About ten years ago I stood on a platform at central station in Amsterdam, I can't remember where I was going, maybe Berlin, maybe just some town somewhere in the Netherlands. Maybe it wasn't even ten years ago, but just five. Anyhow, It was some time ago that I was standing on a platform at Central station of Amsterdam. On the other side of the platform there was a train, waiting to go to Moscow. All the way from Amsterdam to Moscow... The thought I had at that moment was: I want to go with that train one day.
Just two days ago I finally took that train. Unfortunately it wasn't exactly the same train since they split it in half. Nowadays you have to change trains in Warsaw. Somewhere in Hannover they connect 2 wagons of the train to Moscow, which now leaves from Basel apparently, and the rest of it is connected in Warsaw.
My neighbor asked me why I didn't just take a plane to St. Petersburg. Yes, it would be much quicker, but I like to travel slowly, if I can. And a train is a perfect way of transport to go from one place to another. You see the world changing while you stare outside. You can take your coffee in the bar and you can put your head down if your sleepy. it's a different world, and it's a world I like to join every now and then.
In my compartment there's a older Dutch lady who has never travelled with a night train before and is surprised every time she finds another little things that try to help make our stay in the fully booked six bed compartment more comfortable. She finds it quite adventurous, climbing on her bed with the small ladder, finding out that there are different kinds of light you can switch on or off and the possibilities of the beds being made into seats.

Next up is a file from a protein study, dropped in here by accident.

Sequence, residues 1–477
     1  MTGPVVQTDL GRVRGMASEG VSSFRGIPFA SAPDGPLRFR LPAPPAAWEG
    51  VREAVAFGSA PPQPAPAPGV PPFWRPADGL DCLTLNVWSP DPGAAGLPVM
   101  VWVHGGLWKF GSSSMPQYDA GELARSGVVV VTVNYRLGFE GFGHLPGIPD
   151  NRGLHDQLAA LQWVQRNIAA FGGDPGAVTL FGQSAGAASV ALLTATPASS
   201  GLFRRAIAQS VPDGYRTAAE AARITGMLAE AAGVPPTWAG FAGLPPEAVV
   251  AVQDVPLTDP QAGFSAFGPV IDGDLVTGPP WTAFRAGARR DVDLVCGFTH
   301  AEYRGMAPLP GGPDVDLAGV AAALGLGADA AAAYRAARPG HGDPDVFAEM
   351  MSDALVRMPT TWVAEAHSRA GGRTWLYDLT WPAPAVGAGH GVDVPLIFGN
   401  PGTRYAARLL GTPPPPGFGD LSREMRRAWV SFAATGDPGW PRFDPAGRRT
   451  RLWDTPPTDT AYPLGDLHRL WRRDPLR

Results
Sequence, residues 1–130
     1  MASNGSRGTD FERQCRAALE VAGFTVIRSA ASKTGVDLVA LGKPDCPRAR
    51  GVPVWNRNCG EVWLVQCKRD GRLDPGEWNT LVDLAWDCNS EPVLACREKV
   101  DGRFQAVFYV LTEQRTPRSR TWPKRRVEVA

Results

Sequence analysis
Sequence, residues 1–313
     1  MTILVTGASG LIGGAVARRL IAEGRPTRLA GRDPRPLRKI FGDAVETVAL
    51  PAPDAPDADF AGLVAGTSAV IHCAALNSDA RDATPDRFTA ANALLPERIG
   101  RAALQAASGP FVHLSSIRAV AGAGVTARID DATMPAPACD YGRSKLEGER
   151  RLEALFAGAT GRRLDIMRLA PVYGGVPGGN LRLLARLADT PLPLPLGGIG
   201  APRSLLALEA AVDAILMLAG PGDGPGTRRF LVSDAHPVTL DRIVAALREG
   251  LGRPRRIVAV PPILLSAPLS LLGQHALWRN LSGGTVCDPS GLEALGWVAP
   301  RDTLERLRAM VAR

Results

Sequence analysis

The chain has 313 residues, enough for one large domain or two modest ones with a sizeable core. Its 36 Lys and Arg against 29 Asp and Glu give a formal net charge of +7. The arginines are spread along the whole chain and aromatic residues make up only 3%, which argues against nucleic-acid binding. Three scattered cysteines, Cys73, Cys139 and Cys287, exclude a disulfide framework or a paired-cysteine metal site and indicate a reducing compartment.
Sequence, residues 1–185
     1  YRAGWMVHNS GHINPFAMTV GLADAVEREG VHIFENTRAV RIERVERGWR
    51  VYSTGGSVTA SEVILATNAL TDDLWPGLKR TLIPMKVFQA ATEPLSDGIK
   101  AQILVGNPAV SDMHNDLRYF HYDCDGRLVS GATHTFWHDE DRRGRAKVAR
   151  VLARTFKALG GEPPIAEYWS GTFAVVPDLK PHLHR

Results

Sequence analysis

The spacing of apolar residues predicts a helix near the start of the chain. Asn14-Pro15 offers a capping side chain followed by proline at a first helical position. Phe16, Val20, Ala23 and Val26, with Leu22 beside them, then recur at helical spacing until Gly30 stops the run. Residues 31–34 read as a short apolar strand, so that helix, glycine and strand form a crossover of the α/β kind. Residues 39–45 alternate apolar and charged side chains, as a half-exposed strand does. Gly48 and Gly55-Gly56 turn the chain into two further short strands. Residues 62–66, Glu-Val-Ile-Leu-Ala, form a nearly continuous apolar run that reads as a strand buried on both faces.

It makes me aware of all the nights I spend in trains around the world. Some were disgusting, others rather fancy, some where carriages where you slept with at least 8 people around you, other times I had carriage for myself. But every night train is a special kind of world. It has it's own rules and regulations, it's own awkwardness. Staying in a couchette means you're sharing your most vulnerable moment with a bunch of strangers in a very small and enclosed space where you constantly bump into each other.
What do you wear when you go to sleep? how often can you go up and down your bed without disturbing your neighbors underneath you too much? where do I leave my luggage, and what about my smelling shoes? Without saying much to each other somehow there's always a way things happen. And the akwardness is the same everywhere, whether you're on a nighttrain in Maroc, in China or in Poland.
I feel at home in these weird little worlds on wheels where different cultures come together to travel further on.